Moconá Falls Park San Pedro, Misiones.

The Moconá Provincial Park is located within the Yabotí Biosphere Reserve (“turtle” in Guaraní), in the central-eastern region of Misiones, in the Municipality of San Pedro, some 337 kilometres from Posadas, capital of the province, occupying an approximate area of 253,773 hectares.

In the heart of the park, the Moconá Falls are a unique spectacle in the world, the result of a geological fault on the Uruguay River, between the mouths of the Pepirí Guazú and Yabotí streams (on the Argentinean side), and the Brazilian rivers Serapiao and Calixto.

Viewpoints, waterfalls and jungle

The visitor begins to enjoy nature as soon as he starts the route that joins El Soberbio with the Moconá Provincial Park, accessing viewpoints with spectacular views, particularly the one over the Uruguay River.

Inside the park you will find the Visitor Centre with information about the activities on offer, the Yabotí Restó and an exhibition and sale of handicrafts.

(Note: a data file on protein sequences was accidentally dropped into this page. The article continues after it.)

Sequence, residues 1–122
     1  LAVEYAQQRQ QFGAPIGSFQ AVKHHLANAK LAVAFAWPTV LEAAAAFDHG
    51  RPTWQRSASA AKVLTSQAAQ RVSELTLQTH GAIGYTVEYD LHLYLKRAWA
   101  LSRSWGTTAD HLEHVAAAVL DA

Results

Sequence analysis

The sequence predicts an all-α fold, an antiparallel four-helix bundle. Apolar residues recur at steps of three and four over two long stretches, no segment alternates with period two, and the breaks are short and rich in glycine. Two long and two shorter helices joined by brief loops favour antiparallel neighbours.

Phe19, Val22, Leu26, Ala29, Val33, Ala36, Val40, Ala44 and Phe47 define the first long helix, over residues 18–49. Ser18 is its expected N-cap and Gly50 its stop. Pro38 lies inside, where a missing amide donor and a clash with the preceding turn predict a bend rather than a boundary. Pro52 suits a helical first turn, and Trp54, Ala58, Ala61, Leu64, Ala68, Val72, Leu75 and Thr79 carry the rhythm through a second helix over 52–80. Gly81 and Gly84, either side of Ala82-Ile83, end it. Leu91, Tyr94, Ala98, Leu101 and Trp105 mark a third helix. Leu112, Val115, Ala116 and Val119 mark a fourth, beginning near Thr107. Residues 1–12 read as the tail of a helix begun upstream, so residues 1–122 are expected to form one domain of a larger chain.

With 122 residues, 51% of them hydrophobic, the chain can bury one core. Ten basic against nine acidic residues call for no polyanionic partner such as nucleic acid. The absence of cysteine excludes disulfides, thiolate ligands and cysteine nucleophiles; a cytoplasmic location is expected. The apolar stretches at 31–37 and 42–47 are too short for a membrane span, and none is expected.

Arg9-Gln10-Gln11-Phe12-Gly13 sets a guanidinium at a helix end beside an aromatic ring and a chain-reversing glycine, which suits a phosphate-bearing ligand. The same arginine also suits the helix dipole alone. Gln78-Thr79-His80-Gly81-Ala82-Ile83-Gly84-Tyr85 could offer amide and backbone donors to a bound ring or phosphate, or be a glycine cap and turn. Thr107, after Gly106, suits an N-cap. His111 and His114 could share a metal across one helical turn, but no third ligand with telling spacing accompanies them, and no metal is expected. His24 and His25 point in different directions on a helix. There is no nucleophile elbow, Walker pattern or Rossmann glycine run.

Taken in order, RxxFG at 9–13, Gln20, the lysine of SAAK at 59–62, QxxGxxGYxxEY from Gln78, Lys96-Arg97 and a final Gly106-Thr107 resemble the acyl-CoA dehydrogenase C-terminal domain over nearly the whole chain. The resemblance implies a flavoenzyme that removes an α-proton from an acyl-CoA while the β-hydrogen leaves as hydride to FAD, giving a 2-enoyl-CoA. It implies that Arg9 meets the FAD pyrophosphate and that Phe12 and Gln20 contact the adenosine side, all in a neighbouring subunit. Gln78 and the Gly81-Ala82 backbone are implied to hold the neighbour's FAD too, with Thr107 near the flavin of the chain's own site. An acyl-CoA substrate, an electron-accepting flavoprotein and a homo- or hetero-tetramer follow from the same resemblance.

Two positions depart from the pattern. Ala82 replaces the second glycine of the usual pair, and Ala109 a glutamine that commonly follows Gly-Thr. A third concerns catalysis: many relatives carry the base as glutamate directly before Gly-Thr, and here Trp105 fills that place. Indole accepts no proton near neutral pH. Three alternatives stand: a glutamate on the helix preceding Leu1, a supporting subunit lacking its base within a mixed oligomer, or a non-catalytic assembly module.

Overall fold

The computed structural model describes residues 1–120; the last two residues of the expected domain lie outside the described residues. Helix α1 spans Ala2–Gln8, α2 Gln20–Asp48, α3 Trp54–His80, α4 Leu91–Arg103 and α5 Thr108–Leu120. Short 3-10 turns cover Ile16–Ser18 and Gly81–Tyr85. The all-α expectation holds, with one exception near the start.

A 1200 metre trip to the “Piedra de Bugre” jetty will allow you to access specially equipped boats that will take you to the adventure of touring the falls on the Uruguay River.

Another alternative is to go deep into nature. Within the almost 1000 hectares destined to the Park, it is possible to see varied species of flora and fauna.

Travelling along the paths and trails allows you to discover at every step, how thick vegetation coexists harmoniously, with an abundant presence of arborescent ferns, tacuara bushes and old trees.

There are also a variety of birds, mammals, fish and amphibians, in a space that has become one of the last refuges for the fauna represented by the large birds of the jungle and the large mammals, such as the jaguar.

The all-swallower

The Gran Salto del Moconá, “The all-swallowing waterfall”, as it is called in the Guaraní language, is a 3 kilometre long canyon with waterfalls running parallel to its course.

The relief of the Park is rugged and its slopes fall openly into the closed valleys of the Yabotí Stream and the Uruguay River, with banks in the form of ravines, whose heights range between 160 and 350 metres above sea level.

The Yabotí or Pepirí stream, one of the most important watercourses surrounding the Moconá Provincial Park, has innumerable creeks and backwaters, whose flow varies with rainfall and which, like the Moconá Falls, is home to unique plant and animal species associated with the rocks.